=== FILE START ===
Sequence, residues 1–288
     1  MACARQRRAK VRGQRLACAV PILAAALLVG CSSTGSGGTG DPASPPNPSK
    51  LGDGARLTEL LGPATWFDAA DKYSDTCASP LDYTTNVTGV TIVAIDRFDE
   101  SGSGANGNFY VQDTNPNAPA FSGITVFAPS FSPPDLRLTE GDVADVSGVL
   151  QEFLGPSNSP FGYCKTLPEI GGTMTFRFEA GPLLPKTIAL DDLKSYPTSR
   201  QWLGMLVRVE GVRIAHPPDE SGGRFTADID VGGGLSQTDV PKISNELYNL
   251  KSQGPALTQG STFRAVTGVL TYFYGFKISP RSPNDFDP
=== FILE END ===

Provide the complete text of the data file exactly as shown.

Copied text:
Sequence, residues 1–288
     1  MACARQRRAK VRGQRLACAV PILAAALLVG CSSTGSGGTG DPASPPNPSK
    51  LGDGARLTEL LGPATWFDAA DKYSDTCASP LDYTTNVTGV TIVAIDRFDE
   101  SGSGANGNFY VQDTNPNAPA FSGITVFAPS FSPPDLRLTE GDVADVSGVL
   151  QEFLGPSNSP FGYCKTLPEI GGTMTFRFEA GPLLPKTIAL DDLKSYPTSR
   201  QWLGMLVRVE GVRIAHPPDE SGGRFTADID VGGGLSQTDV PKISNELYNL
   251  KSQGPALTQG STFRAVTGVL TYFYGFKISP RSPNDFDP